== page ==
On that last visit for the visa, I ended up waiting so long I needed the bathroom. To my surprise, (okay I’m being facetious), the toilets were actually located outside the building; something I don’t imagine exists anywhere else in Dublin in the 21st Century. The inside of the visa application office was reminiscent of a dole office anywhere in Ireland 30 years ago, before the Department of Social Welfare decided they needed to  smarten up and pretend to show a little respect for its clients. The carpet tiles were curling at the edges for the want of a cleaning and the walls hadn’t seen a lick of paint for many, many years. There were notices posted everywhere warning that verbal or physical violence would not be tolerated. Notices also threatened that if you even stopped your car outside the embassy gates for just one minute, you may forget about receiving any service. The Nigerians themselves were true to form and vocal about the treatment of ordinary citizen by their government. One Nigerian man commented that he had lived in Eastern Europe where government officials also “sat upstairs (referring to the embassy offices) scratching their arse.” His words, not mine. Another woman told us she was at the embassy every day at 9 a.m. for one week and came prepared with her lunch box. I have to say – there were more than a few chuckles that day.

Nigeria was just a wee culture shock from my previous posting in the hustle and bustle of Bangkok, with its shiny towers, good public transport and general easy lifestyle. While the city of Abuja, the federal capital of Nigeria, is in the heart of Africa, it’s quite unlike any other African city I know (outside most of South Africa).

Renting in the federal capital, Abuja

Abuja was created just 40 years ago to gather the country’s civil servants in one spot. A planned city with huge boulevards and motorways, Abuja is like many cities in West Africa, full of (thankfully) Lebanese restaurants and supermarkets and the bonus of it all, some South African supermarkets. The city empties at weekends as most Nigerian civil servants travel back to their villages and towns after the Muslim Friday prayers. This sprawling city has a shortage of accommodation so rent prices are equivalent to the astronomical rents paid in New York or Geneva. Abuja is also where the UN agencies have their country offices and where I’m based for the next few months.

Accommodation is something else and like Dublin there is a shortage of properties to rent. There are an awful lot of very wealthy property owners who exploit the ex-pat community and civil servants who frequently travel to the city. The first apartment myself and another newly arrived colleague went to look at was dingy beyond belief. You could hardly see the hand in front of your face it was so dark and the ceiling was particularly low – the one-bedroomed apartment was renting for US$1,500 per month. It was such a depressing environment I would have ended up on Prozac within a week, if I had chosen to live there. We ended up in a ‘super luxury apartment’ paying half of my salary in rent. To add insult to injury there is a further charge for laundry, with no washing machine in the apartment.  Super luxury the apartment ain’t, but what is luxurious are the number of Mercs and Lexus cars parked outside each day.   There seems to have been some very big party (possibly a wedding) at the complex and a 600SL (but what would I know about cars?), parked outside for a few days with the number plate ‘Emir of Zunu’.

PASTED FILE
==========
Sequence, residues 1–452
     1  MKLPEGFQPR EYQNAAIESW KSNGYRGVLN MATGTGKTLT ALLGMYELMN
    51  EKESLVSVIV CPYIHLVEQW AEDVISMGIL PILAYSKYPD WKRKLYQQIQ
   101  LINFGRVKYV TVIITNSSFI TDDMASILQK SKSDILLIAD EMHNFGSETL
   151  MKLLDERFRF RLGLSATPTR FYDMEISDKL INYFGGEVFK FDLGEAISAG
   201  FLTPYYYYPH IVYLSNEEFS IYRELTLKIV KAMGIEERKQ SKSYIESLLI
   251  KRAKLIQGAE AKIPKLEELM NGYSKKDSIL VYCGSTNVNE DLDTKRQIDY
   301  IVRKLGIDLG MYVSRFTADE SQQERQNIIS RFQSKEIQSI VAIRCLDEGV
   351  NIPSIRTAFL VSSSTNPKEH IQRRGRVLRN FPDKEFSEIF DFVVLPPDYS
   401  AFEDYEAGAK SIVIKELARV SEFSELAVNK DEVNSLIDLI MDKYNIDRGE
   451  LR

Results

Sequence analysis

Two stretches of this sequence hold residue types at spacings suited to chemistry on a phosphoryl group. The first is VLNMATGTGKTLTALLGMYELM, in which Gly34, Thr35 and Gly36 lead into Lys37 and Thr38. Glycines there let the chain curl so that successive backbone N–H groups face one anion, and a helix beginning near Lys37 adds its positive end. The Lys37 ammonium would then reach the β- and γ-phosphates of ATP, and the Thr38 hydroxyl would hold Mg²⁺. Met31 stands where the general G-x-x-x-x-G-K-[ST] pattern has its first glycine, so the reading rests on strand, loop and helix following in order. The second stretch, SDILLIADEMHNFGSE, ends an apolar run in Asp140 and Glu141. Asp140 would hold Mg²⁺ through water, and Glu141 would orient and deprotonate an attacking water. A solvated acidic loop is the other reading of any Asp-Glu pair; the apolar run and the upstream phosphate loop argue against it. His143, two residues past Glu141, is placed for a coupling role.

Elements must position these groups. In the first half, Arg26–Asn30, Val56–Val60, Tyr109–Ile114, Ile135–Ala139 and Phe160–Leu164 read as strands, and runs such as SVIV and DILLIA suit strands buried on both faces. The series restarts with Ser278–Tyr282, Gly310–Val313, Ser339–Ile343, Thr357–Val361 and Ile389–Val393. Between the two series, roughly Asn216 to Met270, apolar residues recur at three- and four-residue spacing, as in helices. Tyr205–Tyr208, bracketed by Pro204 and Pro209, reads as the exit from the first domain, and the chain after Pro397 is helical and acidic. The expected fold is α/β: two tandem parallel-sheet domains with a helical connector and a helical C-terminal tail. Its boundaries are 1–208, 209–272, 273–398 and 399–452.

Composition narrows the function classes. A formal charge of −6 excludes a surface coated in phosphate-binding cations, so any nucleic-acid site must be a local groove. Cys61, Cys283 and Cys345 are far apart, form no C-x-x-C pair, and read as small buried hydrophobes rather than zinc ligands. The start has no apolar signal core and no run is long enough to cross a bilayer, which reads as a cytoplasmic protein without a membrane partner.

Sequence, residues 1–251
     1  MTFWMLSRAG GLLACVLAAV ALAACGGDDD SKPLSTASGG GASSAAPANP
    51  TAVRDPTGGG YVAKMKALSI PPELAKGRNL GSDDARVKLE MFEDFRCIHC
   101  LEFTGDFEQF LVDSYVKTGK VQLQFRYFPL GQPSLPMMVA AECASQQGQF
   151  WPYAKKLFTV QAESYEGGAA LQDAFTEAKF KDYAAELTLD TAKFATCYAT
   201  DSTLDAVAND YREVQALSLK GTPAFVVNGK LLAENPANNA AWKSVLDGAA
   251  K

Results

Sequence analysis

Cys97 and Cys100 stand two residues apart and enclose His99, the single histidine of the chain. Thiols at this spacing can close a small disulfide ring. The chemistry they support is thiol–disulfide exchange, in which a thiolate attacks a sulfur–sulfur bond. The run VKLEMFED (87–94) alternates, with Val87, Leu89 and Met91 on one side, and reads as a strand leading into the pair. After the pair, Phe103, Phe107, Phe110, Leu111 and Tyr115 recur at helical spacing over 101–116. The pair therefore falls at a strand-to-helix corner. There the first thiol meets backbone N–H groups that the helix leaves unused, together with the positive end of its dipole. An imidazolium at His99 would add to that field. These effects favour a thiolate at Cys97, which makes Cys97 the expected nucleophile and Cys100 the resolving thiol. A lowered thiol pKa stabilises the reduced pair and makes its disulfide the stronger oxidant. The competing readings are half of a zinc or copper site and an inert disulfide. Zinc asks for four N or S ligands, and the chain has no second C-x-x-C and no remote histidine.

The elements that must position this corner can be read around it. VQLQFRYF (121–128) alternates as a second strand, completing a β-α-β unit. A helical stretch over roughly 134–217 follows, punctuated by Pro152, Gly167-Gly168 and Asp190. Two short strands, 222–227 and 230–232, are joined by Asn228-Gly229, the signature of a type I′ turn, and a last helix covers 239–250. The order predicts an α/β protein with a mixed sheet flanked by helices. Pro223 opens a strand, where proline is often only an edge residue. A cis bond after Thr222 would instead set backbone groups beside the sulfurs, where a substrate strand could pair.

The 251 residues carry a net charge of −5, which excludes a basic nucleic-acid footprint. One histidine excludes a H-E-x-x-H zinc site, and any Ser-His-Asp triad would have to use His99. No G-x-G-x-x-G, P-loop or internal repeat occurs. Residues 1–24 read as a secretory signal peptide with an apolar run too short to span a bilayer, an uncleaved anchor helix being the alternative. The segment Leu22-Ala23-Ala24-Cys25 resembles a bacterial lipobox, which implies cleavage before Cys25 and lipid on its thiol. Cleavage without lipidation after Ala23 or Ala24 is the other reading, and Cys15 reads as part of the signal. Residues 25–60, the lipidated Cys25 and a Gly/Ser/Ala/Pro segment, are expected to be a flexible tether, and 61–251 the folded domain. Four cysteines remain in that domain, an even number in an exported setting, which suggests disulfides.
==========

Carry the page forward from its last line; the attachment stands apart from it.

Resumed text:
Extreme sports

The one positive aspect of the accommodation is that it is within walking distance of the office and the footpaths are more than decent, ensuring walking is not an extreme sport as it can be in many other cities across Africa. I wouldn’t feel safe enough to walk the 3.2 kilometres home alone and do so only when I have company. Walking back to the accommodation in deep conversation one day there was beeping behind us and as we turned around to see a car travelling at about 20 kph up the footpath we had to scramble to the grassy bank to avoid being run over.

I hate assuming stereotypes, but patience isn’t a strong point for most Nigerians. Sitting with the work driver one day and waiting for the solar powered traffic light to turn green, there was a horn honking behind the first car to make the right turn at the lights. When the driver, respecting the rules of the road and the pedestrian crossing didn’t move, the honking-horn driver mounts the footpath and bypasses the cars waiting at the lights to turn right.

Transport around Abuja is reasonably cheap but like everywhere else cars are held together with pieces of string and rubber bands. They frequently break down at the side of the road, or sometimes even in the middle of the road, where they can be abandoned.

I’m still in the process of trying to find another Issac, my lovely taxi driver from Nairobi and so far I’m not having much luck – but I will continue to try. The office drivers are available for a few months to bring us in and out of work, but there’s the supermarket shopping at the weekends and the trips to Blu Cabana, a rather nice place so chill out of a Sunday afternoon – not that there’s much else to do on a weekend in Abuja.


Sundays’ are not the day to change money, unless you want to chance your arm with the guys lining the street sitting on the chairs under the trees. The official exchange rate for the Naira is fluctuating like a yoyo and frequent trips to the moneychangers rather than the banks will render you a rate of at least 20 per cent better on the official rate. When I arrived early July 2016 there was 260 Naira to the US$ – on 30 July the rate went from 316 to 322 on one day! Black market rates on 29 July were 375 Naira to the US$. Not only will the dropping Naira help make rents cheaper, it will also keep the price of red wine very reasonable, well at least until stocks run out! Some of the best South African wines are available in Nigeria so there are a few great aspects to living here for a few months anyway.

Now work and B0ko Haram antics…. well, that’s a different blog altogether. So until next time, I’ll leave you with some of the photos.

Yours, Fagan.

The case of a well-dressed young Hungarian woman with the refugees at the Eastern Railway Station in Budapest

Refugee Crisis in Hungary

What happens when you have 5 minutes until your train leaves and there are three thousand migrants standing in your way? The personal account of Rita Perintfalvi. For the original article please click here.

“The train to the Promised Land: the refugees and me, waiting/longing for the early morning train.

The newspapers are filled with stories about the refugee crisis, I know. But I was there this morning, wanting to catch the early train to Vienna to get to work, as I do every week. The train was to leave from a different platform than usual. I quickly realised that it was because this platform could be cordoned off and the police could form a protective shield around it. I had 5 minutes till departure, so I had to rush, when I was suddenly faced with hundreds of refugees in front of me, who were waiting outside the cordon…